Schools should provide lessons to combat the image of the 'grunting, monosyllabic teenager', according to Tony Blair's former speechwriter.
Peter Hyman, who is now head teacher of a free school in Newham, east London, said speaking skills should be placed at the heart of the timetable to address concerns from employers that school leavers 'can't string a sentence together'.
In an interview with the Times Educational Supplement, Mr Hyman, said clear communication was the 'number one issue' for employers.
He said: "Speaking eloquently is a moral issue because to find your voice both literally and metaphorically and be able to communicate your ideas and your passions is crucial to how they are going to be a success in the world.
"If you can speak and articulate yourself properly that will happen.
"But it's also the number one issue that employers put in all their surveys: they want good oral communication.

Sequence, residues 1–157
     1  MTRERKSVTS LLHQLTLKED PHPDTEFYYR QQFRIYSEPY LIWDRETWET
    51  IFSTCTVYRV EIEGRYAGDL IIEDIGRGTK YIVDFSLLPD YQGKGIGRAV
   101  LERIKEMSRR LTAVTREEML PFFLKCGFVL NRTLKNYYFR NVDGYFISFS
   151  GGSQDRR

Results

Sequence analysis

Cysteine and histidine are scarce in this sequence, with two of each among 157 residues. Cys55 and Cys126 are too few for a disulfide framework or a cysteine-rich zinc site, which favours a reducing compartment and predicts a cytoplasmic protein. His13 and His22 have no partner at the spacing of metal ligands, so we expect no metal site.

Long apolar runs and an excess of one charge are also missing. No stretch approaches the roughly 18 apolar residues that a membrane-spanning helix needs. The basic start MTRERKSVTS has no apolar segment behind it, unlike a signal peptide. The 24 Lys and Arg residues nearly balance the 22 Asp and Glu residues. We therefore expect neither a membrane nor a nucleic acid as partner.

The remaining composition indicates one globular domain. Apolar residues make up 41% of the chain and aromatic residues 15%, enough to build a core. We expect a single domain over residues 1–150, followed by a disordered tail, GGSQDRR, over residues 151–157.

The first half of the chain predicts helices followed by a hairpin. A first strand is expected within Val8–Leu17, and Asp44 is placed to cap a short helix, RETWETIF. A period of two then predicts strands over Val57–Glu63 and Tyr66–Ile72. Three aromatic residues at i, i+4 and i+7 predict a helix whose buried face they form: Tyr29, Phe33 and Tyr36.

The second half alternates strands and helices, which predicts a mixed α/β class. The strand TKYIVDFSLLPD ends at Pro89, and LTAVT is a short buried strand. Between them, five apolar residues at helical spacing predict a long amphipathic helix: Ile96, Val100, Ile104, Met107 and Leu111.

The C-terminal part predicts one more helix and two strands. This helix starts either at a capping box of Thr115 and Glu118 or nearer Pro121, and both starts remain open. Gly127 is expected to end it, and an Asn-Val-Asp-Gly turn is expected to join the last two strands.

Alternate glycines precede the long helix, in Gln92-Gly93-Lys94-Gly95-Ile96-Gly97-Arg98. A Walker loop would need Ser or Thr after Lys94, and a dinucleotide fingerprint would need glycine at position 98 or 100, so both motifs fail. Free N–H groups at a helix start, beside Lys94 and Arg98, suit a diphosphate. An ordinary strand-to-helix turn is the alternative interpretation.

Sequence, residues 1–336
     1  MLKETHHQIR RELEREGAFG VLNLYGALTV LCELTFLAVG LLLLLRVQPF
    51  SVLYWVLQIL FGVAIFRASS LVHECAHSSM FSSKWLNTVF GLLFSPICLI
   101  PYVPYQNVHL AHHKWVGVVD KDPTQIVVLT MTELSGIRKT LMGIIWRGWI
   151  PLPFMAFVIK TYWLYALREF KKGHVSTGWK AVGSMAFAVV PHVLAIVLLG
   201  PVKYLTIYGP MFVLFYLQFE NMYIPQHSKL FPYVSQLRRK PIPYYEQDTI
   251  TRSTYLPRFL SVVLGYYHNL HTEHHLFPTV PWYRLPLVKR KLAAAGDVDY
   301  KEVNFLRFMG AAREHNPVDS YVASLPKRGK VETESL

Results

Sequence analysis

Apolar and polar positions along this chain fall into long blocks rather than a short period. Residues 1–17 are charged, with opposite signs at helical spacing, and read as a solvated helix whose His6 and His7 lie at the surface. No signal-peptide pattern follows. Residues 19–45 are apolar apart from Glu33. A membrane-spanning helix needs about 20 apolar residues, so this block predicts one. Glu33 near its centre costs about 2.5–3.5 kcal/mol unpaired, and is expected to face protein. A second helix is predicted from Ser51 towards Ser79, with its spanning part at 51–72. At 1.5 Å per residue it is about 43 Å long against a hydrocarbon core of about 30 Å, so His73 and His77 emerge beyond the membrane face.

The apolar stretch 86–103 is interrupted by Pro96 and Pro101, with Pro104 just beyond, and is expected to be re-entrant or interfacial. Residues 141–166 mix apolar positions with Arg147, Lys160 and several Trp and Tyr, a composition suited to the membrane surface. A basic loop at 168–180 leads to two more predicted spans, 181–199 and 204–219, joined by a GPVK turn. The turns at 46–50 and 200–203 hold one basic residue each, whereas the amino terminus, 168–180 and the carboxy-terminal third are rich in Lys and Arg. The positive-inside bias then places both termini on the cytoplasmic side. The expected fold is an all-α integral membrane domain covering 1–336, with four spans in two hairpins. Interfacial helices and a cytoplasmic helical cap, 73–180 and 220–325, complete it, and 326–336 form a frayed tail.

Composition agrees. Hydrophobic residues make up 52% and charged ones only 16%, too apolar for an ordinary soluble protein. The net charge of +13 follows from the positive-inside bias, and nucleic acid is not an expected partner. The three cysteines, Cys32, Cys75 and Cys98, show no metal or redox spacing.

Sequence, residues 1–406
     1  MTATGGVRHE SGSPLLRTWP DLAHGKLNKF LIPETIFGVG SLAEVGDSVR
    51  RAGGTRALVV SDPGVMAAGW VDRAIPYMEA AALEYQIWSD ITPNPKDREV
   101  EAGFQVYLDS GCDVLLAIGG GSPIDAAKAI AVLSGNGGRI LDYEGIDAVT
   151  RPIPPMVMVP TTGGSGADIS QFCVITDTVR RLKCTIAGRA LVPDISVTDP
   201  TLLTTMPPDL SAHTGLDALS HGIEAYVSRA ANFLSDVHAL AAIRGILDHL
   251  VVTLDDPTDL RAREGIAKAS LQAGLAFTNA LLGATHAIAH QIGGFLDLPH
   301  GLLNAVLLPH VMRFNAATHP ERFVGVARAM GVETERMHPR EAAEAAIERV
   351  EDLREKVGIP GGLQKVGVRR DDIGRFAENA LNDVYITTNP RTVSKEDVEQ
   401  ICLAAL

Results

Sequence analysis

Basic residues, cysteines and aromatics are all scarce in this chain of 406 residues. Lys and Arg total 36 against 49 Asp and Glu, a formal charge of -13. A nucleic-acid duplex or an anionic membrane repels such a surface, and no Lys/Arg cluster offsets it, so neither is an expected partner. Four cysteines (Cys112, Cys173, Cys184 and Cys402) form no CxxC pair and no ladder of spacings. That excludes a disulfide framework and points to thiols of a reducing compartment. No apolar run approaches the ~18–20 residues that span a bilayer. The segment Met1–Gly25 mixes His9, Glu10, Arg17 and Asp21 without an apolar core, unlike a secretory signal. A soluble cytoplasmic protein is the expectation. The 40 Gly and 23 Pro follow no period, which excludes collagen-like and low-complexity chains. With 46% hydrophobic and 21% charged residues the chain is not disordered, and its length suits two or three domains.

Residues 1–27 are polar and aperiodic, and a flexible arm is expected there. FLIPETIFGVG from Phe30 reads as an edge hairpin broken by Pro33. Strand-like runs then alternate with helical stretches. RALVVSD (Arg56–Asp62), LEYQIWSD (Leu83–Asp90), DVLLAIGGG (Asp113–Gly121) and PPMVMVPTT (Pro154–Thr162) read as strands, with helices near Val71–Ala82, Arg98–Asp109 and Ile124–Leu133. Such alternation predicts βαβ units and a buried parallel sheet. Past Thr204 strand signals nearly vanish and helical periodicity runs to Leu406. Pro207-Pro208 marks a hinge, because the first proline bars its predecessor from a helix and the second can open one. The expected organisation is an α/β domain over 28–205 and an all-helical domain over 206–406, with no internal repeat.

"We've got to dispel the myth of the grunting teenager, the monosyllabic teenager that make employers say, 'I've got this person who I know on paper is quite good, but they can't string a sentence together'."
Mr Hyman, who worked for Mr Blair for 10 years and ran his strategic communications unit from 2001 to 2003, said children in his schools were encouraged to talk to each other, question teachers and hold debates.
He added: "I think there's too much of a fashion now of saying 'the quieter the better, that shows you've got behaviour under control'.
"I think that is completely the wrong way to go and we've got to put speaking up there on a completely equal footing with reading and writing."